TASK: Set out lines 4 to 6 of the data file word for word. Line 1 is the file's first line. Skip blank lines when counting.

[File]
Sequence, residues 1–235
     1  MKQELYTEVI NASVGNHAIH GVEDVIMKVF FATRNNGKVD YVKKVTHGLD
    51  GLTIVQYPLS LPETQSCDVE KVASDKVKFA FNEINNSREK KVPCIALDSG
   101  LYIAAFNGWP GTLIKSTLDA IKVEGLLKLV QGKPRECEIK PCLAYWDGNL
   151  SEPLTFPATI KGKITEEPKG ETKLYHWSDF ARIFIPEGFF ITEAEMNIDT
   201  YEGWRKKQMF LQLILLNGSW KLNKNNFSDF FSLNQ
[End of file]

   101  LYIAAFNGWP GTLIKSTLDA IKVEGLLKLV QGKPRECEIK PCLAYWDGNL
   151  SEPLTFPATI KGKITEEPKG ETKLYHWSDF ARIFIPEGFF ITEAEMNIDT
   201  YEGWRKKQMF LQLILLNGSW KLNKNNFSDF FSLNQ